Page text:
Iris Coloboma is a hereditary condition affecting the eyes of dogs and manifested by the failure of the tissues of the eyes to develop fully while still inside the mother’s womb. A defect in the development results in the presence of a cleft or hole in the retina of the eyes. The retina is the colored spot on the center of the eyes.
When a dog has Iris Coloboma, there is a characteristic irregularly-shaped iris or a dark hole in the place where an iris should have been located. The iris performs a very important function, that of regulating the amount of light that enters the eyes.
Minor cases of Iris Coloboma only exerts a minimal effect on a dog’s vision however a large coloboma can reduce a dog’s vision, albeit temporarily, because the affected dog tends to squint in the presence of bright light in an attempt to lessen the amount of light reaching the eye. Iris Coloboma is a problem in herding dogs because their increased sensitivity to light and constant squinting often interferes in their daily activities.
Iris Coloboma is generally an inherited condition through recessive genes which are closely related to the genes that carry merle qualities. It can already be observed and diagnosed even when the newborn is still a few days old.
Aside from being a congenital defect, Iris Colobomas can be caused by trauma to the important tissues of the eye or as a complication following eye surgery.
In order to confirm initial diagnosis, your vet will perform a thorough eye examination which is best done on eyes which are non-dilated. There have been instances when small colobomas were not seen when the pupil was dilated during examination.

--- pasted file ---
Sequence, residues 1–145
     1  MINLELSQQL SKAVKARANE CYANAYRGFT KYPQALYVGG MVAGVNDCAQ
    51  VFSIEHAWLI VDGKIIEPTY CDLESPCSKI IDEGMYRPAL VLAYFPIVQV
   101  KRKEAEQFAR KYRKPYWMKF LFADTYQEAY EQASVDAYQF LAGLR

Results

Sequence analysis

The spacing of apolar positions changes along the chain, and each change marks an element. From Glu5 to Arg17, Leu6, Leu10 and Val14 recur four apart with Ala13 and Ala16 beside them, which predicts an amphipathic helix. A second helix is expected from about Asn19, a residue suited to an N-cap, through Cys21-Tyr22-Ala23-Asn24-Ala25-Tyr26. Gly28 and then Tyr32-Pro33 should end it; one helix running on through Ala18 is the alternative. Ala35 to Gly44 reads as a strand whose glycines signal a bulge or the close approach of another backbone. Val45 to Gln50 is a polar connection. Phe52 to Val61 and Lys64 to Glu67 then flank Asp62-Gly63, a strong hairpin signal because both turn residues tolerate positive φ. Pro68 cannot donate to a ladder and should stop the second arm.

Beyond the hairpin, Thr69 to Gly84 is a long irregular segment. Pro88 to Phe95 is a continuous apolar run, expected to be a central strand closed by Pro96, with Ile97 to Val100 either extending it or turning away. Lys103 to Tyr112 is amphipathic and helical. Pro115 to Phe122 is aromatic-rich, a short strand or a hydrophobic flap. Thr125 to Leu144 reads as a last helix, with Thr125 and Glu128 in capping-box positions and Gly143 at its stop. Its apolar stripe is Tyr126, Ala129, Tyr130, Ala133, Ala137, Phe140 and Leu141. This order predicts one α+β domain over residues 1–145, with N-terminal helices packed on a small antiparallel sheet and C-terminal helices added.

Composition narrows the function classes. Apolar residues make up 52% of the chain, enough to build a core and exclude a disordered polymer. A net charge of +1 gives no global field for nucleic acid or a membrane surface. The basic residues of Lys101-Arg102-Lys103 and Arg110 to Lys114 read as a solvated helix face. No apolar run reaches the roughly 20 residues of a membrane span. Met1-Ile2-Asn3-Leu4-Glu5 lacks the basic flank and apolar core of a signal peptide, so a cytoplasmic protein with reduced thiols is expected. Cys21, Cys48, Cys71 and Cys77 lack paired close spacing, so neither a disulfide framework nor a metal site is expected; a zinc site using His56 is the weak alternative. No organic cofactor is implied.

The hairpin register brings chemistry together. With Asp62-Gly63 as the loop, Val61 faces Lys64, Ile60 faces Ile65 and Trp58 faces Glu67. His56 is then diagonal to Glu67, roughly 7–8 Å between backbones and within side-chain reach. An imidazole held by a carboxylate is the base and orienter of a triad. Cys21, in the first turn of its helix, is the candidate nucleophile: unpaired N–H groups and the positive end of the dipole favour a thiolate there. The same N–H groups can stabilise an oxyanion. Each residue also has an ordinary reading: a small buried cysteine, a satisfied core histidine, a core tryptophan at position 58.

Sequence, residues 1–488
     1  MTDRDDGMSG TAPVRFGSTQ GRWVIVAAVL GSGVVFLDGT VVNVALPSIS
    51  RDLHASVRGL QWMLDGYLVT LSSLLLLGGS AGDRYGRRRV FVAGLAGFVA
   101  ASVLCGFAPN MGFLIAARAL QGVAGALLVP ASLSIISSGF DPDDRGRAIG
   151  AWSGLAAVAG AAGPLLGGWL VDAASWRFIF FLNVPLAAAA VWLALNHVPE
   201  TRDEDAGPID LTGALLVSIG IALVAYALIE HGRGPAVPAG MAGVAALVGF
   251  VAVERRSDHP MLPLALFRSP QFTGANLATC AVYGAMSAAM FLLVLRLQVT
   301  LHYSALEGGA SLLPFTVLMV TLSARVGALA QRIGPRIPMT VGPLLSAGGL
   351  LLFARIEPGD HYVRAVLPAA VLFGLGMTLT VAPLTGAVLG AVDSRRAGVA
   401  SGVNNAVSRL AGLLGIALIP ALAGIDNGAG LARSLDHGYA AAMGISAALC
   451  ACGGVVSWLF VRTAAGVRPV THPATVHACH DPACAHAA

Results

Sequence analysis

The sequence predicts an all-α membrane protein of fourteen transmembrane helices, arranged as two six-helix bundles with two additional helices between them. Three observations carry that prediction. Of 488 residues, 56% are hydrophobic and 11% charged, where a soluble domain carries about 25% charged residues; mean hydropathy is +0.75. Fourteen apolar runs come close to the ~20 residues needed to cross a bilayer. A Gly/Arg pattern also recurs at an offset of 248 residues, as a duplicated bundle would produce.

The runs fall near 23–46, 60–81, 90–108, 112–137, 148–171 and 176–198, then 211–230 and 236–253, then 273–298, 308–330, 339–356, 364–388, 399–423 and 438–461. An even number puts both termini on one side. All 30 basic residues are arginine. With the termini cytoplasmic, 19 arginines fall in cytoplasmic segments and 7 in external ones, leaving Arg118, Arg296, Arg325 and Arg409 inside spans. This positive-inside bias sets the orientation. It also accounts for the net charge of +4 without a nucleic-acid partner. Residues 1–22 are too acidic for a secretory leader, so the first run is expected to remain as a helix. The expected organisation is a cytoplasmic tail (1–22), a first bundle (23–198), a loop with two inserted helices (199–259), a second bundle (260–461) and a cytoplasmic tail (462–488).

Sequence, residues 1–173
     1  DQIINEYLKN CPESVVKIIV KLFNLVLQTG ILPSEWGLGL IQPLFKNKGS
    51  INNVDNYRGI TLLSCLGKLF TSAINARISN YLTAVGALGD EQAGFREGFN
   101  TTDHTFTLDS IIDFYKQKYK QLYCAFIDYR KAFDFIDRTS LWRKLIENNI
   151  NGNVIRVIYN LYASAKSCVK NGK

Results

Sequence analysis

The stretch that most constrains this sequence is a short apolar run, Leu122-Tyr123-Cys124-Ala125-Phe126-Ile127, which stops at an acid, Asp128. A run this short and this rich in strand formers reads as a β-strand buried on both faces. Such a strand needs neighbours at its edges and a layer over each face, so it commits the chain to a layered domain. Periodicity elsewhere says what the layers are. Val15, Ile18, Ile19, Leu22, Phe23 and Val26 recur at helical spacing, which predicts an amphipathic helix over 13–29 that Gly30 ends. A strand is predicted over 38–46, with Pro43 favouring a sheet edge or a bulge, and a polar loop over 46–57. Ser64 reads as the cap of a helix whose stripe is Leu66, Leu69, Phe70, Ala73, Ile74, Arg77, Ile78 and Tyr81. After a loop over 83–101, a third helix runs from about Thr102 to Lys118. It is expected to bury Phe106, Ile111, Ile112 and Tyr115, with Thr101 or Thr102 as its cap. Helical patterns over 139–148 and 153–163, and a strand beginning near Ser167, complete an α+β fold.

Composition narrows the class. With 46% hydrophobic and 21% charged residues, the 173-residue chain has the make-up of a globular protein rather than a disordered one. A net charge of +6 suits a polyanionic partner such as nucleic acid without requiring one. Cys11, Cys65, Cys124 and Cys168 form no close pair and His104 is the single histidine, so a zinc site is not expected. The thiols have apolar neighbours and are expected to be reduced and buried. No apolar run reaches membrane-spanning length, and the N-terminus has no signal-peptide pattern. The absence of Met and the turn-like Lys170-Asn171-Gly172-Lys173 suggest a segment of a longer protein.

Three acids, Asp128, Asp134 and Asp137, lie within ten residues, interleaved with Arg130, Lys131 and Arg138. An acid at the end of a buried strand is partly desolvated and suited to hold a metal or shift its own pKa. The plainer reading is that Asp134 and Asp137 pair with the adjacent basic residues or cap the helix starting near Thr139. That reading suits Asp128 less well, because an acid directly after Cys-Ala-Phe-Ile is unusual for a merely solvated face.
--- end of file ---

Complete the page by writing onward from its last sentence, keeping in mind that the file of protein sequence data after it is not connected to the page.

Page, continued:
Dogs with Iris Coloboma should never be bred because it is a congenital disease. If you are buying a puppy, be sure to ask for a certification from the Canine Eye Registration Foundation (CERF). This certification will guarantee that your puppy is free from genes that carry Iris Coloboma. A reputable breeder also makes it his responsibility to have the litter undergo mandatory examination by a certified veterinary ophthalmologist when the puppies are six weeks old.
Iris Coloboma can affect any breed of dog, however, among Australian Sheepdogs, Collies, and Basenjis have been shown to be more prone to the condition. The condition may appear concurrently with other abnormalities affecting the eye including Persistent Pupillary Membrane (PPM), Distichiasis, Cataracts, detached retinas, and Progressive Retinal Atrophy (PRA).